The Data Economy is a video podcast series about leaders who use data to make positive impacts on their business, customers, and the world. To see all current episodes, explore the podcast episodes library below.
Some organizations have big data, others require real-time data processing, and a few manage the world’s most personal data. Here’s what you can learn from Experian, a company with all three data challenges.
How big is big data? How fast is real-time data processing? And how smart and innovative must data-driven organizations aspire to be when addressing business risks or pursuing new opportunities? Eric Haller, EVP & GM in Identity, Fraud & DataLabs at Experian, shares business and technical insights in the first episode of The Data Economy, a podcast presented by Redis and hosted by Michael Krigsman of CXOTalk. If you don’t know Experian, chances are they know a little bit about you. They are one of the three major U.S. credit bureaus, operates in over 40 countries, and has more than 18,000 employees.
In his role at Experian, Eric oversees the detection algorithms used to pinpoint fraudulent transactions that occur less than 1% of the time. For the majority of transactions, Experian must provide a fast response that minimizes the customer experience impact. How fast of a response? In retail, fraud detection algorithms must respond in under 200 milliseconds and, for some use cases, in under 40 milliseconds. In other words, really fast!
Eric also oversees DataLabs, Experian’s R&D team that analyzes over an exabyte of data across their four labs. One exabyte is one thousand petabytes, or 50,000 years’ worth of DVD-quality video—in other words, very big data.
And Eric reminds listeners of Experian’s data processing challenges. “We don’t want to stop a transaction unless we’re absolutely convinced there’s a significant risk, and most often, the happy path is a successful purchase,” he says.
But on the other hand, Eric acknowledges that “the data you don’t see is what usually catches you.”
So, Experian is always on the hunt for new data sources, signals to consider, machine learning features, and algorithm enhancements that improve factors such as accuracy, performance, transaction types, or geographies where it provides services.
In fact, Eric shares a story of how Experian studied the economic impact of COVID-19. In the United States, the challenge was to find the right signals that signified a local outbreak, such as a spike in people buying cough syrup. For other hotspot regions, such as Brazil, the company partnered with the United Nations, the World Health Organization, Microsoft, Amazon, and educational institutions such as the University of Chicago to aggregate new data to track virus spread. Eric conveys the cultural sentiment at Experian: “The world needs help right now, and we should do our part.”
Therein lies two lessons Eric shares in the podcast. He says, “Let the data show you how to solve the problem,” and acknowledges that Experian has significant talent, infrastructure, and experience pursuing challenges and opportunities for global and social good. For other companies, he recommends, “Be ready to work with a lot of other stakeholders that share the same dream and vision.”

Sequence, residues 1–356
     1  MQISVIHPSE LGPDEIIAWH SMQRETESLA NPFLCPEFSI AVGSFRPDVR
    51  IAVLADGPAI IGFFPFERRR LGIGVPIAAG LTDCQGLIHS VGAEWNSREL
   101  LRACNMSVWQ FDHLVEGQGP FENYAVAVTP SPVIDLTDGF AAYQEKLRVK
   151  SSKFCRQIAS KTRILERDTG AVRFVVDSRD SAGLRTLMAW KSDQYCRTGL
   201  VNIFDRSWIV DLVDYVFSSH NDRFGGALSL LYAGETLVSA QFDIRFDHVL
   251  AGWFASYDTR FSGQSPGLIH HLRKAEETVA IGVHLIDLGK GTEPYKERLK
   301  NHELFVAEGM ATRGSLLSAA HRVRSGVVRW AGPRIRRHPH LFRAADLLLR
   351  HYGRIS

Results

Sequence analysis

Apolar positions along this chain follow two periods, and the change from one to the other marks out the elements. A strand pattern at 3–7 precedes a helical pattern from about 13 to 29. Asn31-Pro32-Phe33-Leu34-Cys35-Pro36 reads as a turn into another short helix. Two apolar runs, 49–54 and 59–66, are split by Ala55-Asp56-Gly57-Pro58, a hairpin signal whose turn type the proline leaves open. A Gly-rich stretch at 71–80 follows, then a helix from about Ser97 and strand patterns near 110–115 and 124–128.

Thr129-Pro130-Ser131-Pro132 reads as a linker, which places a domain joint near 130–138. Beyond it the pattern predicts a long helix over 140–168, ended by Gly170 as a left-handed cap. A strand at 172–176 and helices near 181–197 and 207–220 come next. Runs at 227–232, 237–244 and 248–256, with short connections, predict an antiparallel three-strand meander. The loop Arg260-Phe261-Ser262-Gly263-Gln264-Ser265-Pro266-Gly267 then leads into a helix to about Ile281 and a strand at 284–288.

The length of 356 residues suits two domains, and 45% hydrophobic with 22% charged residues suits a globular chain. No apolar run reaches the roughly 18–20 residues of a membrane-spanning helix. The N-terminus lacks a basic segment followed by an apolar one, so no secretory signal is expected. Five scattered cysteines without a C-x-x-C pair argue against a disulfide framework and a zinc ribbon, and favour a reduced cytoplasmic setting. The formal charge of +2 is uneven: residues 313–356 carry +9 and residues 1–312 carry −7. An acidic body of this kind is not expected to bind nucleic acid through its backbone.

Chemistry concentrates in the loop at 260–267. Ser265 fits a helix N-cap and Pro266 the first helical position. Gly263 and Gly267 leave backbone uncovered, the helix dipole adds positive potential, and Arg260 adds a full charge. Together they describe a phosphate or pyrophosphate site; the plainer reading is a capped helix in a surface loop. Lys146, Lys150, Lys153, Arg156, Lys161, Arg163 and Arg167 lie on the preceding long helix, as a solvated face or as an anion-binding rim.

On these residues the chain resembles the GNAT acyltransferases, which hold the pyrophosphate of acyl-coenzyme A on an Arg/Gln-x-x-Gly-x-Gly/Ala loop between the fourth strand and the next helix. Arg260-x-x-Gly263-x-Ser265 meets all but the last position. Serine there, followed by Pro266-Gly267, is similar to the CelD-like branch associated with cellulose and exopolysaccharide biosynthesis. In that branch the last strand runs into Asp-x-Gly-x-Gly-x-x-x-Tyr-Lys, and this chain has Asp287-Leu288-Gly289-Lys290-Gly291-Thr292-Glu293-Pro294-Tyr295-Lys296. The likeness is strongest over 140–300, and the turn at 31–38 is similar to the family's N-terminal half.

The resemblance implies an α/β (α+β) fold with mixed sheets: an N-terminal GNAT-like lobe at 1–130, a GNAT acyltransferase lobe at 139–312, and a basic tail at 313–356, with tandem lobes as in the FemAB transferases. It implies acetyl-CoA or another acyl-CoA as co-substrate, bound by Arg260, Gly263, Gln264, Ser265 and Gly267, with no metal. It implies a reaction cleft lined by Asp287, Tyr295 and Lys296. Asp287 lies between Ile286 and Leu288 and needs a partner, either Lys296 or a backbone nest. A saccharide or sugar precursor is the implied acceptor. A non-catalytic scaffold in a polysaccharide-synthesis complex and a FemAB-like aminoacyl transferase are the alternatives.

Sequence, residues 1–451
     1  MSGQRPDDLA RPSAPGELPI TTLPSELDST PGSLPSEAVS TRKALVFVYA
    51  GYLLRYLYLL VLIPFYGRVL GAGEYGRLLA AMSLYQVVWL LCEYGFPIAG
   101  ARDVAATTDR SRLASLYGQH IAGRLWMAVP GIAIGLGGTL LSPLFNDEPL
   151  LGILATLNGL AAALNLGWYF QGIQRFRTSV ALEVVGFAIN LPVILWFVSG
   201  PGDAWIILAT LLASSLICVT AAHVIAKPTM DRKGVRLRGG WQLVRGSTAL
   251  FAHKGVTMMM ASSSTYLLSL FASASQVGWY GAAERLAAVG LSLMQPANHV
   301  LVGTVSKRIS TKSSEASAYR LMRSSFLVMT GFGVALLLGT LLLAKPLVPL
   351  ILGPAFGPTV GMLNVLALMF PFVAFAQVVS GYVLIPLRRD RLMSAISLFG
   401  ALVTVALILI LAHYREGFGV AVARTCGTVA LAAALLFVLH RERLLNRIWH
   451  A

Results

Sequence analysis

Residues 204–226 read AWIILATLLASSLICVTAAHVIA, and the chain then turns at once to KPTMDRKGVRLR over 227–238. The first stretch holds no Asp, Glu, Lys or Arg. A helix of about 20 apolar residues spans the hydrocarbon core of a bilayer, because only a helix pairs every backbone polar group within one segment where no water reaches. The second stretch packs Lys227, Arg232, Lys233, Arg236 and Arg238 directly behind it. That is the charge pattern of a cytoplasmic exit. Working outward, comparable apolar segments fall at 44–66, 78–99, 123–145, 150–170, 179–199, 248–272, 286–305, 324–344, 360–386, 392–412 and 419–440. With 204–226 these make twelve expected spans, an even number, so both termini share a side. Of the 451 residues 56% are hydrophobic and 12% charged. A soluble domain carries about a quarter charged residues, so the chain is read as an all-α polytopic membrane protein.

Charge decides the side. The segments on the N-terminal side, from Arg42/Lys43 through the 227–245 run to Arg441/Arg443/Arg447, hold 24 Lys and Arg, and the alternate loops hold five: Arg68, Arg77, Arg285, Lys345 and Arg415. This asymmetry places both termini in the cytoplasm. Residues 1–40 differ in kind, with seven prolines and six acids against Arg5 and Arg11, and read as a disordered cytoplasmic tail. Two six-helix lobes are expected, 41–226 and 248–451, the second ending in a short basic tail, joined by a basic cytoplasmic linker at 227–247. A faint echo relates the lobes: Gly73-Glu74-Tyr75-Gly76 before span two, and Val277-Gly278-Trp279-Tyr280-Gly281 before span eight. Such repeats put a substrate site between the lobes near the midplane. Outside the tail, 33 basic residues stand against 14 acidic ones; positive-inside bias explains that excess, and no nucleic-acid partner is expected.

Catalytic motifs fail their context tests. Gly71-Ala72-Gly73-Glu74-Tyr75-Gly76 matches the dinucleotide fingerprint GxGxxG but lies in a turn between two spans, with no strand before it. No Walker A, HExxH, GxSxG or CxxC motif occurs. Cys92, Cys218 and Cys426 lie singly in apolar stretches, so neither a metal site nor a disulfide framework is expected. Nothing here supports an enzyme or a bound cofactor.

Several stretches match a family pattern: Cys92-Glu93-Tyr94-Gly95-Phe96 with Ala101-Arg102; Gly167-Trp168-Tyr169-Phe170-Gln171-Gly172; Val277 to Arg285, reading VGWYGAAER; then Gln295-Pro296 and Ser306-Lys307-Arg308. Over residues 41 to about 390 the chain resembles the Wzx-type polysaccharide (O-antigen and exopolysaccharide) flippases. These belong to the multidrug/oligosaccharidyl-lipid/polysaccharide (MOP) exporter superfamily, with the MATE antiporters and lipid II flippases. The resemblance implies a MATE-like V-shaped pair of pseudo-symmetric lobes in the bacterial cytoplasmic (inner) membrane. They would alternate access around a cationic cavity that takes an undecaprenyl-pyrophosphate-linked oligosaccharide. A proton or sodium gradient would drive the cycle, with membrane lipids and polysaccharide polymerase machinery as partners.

It’s hard to imagine now, but it was incredibly challenging just 10 years ago to aggregate and manage extraordinarily large data sets and process super-fast, high-volume data streams for real-time decision-making. Most companies were just starting to migrate to the cloud, had few tools to centralize data, struggled with SOA implementations, and developed a lot of technology scaffolding on their own.
Today, organizations are processing time-series data, performing full-text searches on JSON documents, and are building applications with database-less architectures. Technology leaders recognize the importance of simplifying app development with a robust multi-model data platform and scaling globally while retaining local response times.
Eric shares insights on Experian’s architecture in the podcast and his perspectives on optimizing multicloud architectures, leveraging graph databases, and centralizing multi-business-unit data sources. He also discusses information security, meeting regulatory requirements, and the training Experian requires to ensure data scientists are compliant.
But with all the technology and compliance challenges, solving them is not the company’s primary objective. Eric shares his secret and says, “You would love to have the bandwidth to let your heart go wild on a data set and see what you come up with, but if you do that, you might get the one in a million needle in a haystack. You’re more likely to find winners by chasing a particular problem to solve.”
That’s great advice for developers, data scientists, and engineers, who should focus on solving the business problems and challenges first—and then seek technology partners, commercial solutions, and open source options that enable efficient technology implementations.
Isaac Sacolick, President of StarCIO, is the author of Driving Digital: The Leader’s Guide to Business Transformation through Technology which covers many practices such as agile, DevOps, and data science that are critical to successful digital transformation programs. Sacolick is a recognized top social CIO, a long-time blogger at Social, Agile, and Transformation, and a contributor at InfoWorld.
Watch more episodes of The Data Economy podcast.
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